FANTOM5 CAGE profiles of human and mouse samples (Journal Article)
In: Scientific Data, 4 , pp. 170112, 2017, ISSN: 2052-4463.
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In the FANTOM5 project, transcription initiation events across the human and mouse genomes were mapped at a single base-pair resolution and their frequencies were monitored by CAGE (Cap Analysis of Gene Expression) coupled with single-molecule sequencing. Approximately three thousands of samples, consisting of a variety of primary cells, tissues, cell lines, and time series samples during cell activation and development, were subjected to a uniform pipeline of CAGE data production. The analysis pipeline started by measuring RNA extracts to assess their quality, and continued to CAGE library production by using a robotic or a manual workflow, single molecule sequencing, and computational processing to generate frequencies of transcription initiation. Resulting data represents the consequence of transcriptional regulation in each analyzed state of mammalian cells. Non-overlapping peaks over the CAGE profiles, approximately 200,000 and 150,000 peaks for the human and mouse genomes, were identified and annotated to provide precise location of known promoters as well as novel ones, and to quantify their activities.
Richardson, Sandra R; Gerdes, Patricia; Gerhardt, Daniel J; Sanchez-Luque, Francisco J; Bodea, Gabriela-Oana; noz-Lopez, Martin Mu; Jesuadian, Samuel J; Kempen, Marie-Jeanne H C; Carreira, Patricia E; Jeddeloh, Jeffrey A; Garcia-Perez, Jose L; Jr, Haig H Kazazian; Ewing, Adam D; Faulkner, Geoffrey J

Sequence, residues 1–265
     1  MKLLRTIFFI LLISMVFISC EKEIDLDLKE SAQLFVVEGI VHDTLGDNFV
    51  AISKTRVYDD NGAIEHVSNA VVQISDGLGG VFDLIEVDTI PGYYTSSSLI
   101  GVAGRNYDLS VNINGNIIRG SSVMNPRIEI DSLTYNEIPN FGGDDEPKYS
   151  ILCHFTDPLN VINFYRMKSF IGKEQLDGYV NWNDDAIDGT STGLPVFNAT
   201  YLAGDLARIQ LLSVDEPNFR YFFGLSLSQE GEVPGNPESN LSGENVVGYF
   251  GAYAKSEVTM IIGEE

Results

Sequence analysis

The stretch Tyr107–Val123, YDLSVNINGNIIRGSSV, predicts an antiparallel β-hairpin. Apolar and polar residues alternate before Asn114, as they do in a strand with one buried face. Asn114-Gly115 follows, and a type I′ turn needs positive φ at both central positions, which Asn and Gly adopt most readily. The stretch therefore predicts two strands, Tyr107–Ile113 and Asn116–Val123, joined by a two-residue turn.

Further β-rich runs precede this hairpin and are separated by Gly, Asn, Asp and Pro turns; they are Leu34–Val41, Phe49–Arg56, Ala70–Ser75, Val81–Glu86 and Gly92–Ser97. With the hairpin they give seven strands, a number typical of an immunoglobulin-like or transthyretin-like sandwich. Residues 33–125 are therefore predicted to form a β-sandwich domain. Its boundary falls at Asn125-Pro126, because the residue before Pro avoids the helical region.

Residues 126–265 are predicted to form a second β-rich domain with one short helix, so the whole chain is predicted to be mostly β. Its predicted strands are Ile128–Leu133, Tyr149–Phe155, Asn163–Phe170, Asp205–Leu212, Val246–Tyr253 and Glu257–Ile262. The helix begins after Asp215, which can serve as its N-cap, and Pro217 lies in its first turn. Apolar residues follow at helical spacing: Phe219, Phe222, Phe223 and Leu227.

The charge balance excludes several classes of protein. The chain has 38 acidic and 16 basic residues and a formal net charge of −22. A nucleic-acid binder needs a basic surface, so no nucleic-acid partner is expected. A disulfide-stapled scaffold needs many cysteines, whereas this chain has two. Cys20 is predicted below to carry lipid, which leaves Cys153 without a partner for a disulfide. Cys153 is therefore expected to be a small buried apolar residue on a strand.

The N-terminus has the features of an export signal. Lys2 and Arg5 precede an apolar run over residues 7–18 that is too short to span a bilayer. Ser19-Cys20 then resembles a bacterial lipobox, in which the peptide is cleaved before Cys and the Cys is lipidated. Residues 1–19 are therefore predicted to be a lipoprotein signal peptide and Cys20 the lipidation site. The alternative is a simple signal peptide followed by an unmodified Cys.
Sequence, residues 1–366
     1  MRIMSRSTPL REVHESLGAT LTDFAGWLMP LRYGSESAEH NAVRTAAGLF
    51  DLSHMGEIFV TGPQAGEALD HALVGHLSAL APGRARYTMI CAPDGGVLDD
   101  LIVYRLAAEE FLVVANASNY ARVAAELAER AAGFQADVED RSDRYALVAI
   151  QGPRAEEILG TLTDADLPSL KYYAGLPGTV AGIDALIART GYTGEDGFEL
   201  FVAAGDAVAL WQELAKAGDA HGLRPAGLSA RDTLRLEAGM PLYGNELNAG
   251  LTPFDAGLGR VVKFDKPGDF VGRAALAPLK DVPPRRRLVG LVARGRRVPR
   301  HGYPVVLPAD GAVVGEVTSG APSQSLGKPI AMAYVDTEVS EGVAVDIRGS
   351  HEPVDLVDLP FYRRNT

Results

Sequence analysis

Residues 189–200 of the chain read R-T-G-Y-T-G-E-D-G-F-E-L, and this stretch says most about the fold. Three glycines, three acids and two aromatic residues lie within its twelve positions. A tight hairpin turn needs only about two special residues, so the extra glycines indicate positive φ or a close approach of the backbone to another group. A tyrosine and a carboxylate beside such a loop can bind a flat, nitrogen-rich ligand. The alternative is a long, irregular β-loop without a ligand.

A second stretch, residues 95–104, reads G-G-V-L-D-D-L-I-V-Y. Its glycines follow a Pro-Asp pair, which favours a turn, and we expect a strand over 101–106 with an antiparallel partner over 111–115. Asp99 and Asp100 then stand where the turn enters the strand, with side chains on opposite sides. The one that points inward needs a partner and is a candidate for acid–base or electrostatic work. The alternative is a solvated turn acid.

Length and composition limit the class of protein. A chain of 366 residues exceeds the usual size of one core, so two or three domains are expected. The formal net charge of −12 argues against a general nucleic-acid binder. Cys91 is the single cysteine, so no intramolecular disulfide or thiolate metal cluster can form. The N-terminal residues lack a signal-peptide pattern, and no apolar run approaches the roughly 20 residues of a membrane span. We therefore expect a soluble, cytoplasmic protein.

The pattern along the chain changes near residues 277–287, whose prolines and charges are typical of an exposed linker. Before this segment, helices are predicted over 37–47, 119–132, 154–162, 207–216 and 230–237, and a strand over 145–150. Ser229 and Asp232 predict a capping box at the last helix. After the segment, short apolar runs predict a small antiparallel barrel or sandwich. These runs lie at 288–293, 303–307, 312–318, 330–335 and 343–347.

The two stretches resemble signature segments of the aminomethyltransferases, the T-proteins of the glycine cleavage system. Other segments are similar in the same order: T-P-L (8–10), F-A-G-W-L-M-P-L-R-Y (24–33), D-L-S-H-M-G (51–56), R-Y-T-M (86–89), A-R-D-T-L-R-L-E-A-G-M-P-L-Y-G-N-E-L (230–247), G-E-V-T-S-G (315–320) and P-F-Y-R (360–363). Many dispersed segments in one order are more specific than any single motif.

In: Genome Res., 27 (8), pp. 1395–1405, 2017.
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LINE-1 (L1) retrotransposons are a noted source of genetic
diversity and disease in mammals. To expand its genomic
footprint, L1 must mobilize in cells that will contribute
their genetic material to subsequent generations. Heritable L1
insertions may therefore arise in germ cells and in
pluripotent embryonic cells, prior to germline specification,
yet the frequency and predominant developmental timing of such
events remain unclear. Here, we applied mouse retrotransposon
capture sequencing (mRC-seq) and whole-genome sequencing (WGS)
to pedigrees of C57BL/6J animals, and uncovered an L1
insertion rate of $geq$1 event per eight births. We traced
heritable L1 insertions to pluripotent embryonic cells and,
strikingly, to early primordial germ cells (PGCs). New L1
insertions bore structural hallmarks of target-site primed
reverse transcription (TPRT) and mobilized efficiently in a
cultured cell retrotransposition assay. Together, our results
highlight the rate and evolutionary impact of heritable L1
retrotransposition and reveal retrotransposition-mediated
genomic diversification as a fundamental property of
pluripotent embryonic cells in vivo.